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Beliefs about health and illness postpartum in women born in Sweden and the Middle East.

Author:
  • Katarina Hjelm
  • Karin Bard
  • Kerstin Berntorp
  • Jan Apelqvist
Publishing year: 2009
Language: English
Pages: 564-575
Publication/Series: Midwifery
Volume: 25
Document type: Journal article
Publisher: Elsevier

Abstract english

OBJECTIVE: to explore beliefs about health and illness three months postpartum in women born in Sweden and the Middle East, and to study whether they perceive gestational diabetes mellitus (GDM) as a prediabetic condition. DESIGN: an explorative study using semi-structured interviews 3 months postpartum. SETTING: in-hospital diabetes specialist clinic in Sweden. PARTICIPANTS: interviews three months after birth. Consecutive sample of women with GDM; 13 born in Sweden and 14 born in the Middle East. MEASUREMENT AND FINDINGS: irrespective of origin, health was focused on well-being and being able to care for the baby. Many Middle Eastern women did not know how long GDM would last or said that they had been informed by staff about its transience. They worried about still having diabetes mellitus (DM), which directed them to self-monitoring of blood glucose and the desire for health-care staff to verify the disease. They showed tendencies to dietary changes. Swedish-born women feared development of type 2 DM and had undertaken active health-related behaviour. KEY CONCLUSIONS: beliefs about health and illness differ, change and affect awareness of risk and self-care practice postpartum. Swedish women showed high risk awareness with changes in life style and the desire for more information to avoid developing DM. Middle Eastern women showed increased risk awareness and sought help from staff in checking whether GDM was present in the postpartum period. IMPLICATIONS FOR PRACTICE: it is important to recognise that Middle Eastern women, in contrast to Swedish-born women, have not incorporated the message that GDM is a risk marker for future development of DM. Health professionals have a significant role in supporting women and their families undergoing the transition to motherhood, particularly migrants in a new country. Identifying individual beliefs is of crucial importance. Pre-existing baby health clinics can be developed to address mothers' needs as well as the health of the baby.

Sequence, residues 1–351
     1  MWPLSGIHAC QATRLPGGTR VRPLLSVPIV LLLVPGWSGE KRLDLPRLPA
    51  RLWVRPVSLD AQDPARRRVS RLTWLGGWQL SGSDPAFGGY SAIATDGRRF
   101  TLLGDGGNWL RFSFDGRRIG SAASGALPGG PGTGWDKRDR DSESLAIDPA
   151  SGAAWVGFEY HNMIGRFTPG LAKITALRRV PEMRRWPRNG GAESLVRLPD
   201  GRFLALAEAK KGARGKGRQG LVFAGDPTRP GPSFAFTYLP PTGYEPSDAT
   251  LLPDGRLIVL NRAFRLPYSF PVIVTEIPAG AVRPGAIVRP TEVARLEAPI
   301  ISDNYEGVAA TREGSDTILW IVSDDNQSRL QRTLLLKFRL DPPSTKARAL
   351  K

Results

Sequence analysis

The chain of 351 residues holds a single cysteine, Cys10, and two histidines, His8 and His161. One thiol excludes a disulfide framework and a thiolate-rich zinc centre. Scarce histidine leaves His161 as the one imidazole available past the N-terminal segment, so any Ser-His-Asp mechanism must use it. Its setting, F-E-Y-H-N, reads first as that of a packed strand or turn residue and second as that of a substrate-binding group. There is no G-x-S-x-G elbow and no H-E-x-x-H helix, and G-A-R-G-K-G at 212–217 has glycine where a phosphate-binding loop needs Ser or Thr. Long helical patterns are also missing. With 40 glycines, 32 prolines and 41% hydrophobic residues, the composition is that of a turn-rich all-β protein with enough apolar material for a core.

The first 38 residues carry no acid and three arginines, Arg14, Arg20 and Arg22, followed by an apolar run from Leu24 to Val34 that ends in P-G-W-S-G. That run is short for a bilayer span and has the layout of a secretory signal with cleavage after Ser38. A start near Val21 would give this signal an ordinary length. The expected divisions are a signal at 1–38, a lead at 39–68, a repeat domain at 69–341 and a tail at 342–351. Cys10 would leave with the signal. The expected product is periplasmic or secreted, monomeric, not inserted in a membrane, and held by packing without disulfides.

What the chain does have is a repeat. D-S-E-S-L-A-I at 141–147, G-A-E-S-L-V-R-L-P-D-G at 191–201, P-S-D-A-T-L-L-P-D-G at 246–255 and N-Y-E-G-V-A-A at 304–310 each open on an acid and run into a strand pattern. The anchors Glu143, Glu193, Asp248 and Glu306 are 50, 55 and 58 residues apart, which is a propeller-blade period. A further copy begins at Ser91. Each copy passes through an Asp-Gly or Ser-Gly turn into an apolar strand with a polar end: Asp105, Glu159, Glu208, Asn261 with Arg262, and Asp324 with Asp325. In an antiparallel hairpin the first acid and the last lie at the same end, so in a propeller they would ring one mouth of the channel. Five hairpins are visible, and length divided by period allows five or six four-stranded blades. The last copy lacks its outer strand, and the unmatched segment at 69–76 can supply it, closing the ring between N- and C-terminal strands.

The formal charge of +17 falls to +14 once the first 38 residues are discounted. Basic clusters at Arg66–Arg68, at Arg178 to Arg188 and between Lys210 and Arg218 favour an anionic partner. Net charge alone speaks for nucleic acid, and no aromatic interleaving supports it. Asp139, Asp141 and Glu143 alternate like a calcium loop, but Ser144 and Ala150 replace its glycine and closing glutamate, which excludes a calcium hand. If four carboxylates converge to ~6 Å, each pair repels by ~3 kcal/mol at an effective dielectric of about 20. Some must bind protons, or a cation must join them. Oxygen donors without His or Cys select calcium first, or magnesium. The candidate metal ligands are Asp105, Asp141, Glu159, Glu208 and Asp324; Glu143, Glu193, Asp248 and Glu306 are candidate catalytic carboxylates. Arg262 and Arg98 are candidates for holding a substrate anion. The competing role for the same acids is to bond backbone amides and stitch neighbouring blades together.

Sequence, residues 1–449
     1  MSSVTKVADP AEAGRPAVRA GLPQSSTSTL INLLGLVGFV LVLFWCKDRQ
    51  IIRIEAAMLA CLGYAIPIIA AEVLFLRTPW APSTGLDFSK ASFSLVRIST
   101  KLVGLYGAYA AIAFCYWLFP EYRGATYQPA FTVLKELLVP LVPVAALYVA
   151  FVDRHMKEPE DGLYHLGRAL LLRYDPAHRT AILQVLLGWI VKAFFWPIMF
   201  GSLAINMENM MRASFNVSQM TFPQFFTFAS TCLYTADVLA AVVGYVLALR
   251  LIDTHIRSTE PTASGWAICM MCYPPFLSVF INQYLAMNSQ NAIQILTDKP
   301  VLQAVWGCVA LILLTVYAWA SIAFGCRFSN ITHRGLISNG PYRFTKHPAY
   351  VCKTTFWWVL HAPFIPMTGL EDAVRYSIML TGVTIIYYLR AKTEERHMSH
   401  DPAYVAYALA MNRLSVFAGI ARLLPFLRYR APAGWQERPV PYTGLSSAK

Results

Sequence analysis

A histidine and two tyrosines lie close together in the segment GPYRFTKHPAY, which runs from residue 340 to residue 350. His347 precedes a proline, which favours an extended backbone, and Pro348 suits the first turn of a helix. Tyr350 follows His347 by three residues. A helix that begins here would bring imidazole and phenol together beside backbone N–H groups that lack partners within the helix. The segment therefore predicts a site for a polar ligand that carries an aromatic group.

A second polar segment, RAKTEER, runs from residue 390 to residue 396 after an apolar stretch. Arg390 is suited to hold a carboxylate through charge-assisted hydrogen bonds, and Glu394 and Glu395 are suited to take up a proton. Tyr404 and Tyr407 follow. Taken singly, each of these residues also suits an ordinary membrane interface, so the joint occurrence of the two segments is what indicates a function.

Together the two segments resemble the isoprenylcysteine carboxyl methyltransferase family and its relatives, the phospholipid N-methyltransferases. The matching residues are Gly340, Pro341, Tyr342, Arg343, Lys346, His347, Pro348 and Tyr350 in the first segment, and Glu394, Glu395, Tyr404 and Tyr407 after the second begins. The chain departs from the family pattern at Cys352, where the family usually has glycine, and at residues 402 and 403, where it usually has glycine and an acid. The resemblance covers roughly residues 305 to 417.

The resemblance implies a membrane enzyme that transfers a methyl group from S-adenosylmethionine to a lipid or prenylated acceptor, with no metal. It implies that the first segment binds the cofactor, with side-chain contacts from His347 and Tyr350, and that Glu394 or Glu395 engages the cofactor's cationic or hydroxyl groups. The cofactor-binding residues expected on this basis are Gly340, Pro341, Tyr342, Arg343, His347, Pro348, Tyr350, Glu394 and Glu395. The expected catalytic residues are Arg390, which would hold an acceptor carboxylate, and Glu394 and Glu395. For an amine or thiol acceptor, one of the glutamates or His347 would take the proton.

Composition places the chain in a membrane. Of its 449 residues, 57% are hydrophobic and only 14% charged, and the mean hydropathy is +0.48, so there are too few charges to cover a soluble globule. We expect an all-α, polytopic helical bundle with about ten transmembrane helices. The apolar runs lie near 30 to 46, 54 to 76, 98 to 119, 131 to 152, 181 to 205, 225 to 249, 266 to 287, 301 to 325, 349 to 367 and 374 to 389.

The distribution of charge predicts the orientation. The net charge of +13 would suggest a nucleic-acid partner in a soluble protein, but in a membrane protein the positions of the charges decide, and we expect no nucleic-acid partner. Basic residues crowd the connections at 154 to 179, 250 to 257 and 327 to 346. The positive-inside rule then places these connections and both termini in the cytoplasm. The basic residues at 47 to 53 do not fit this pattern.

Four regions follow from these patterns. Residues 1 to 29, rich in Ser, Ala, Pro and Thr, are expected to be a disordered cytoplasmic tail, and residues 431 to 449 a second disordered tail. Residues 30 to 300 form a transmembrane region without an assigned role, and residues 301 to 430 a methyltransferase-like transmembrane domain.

Keywords

  • Nursing

Other

Published
  • Genomics, Diabetes and Endocrinology
  • ISSN: 1532-3099
E-mail: jan [dot] apelqvist [at] med [dot] lu [dot] se

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Genomics, Diabetes and Endocrinology

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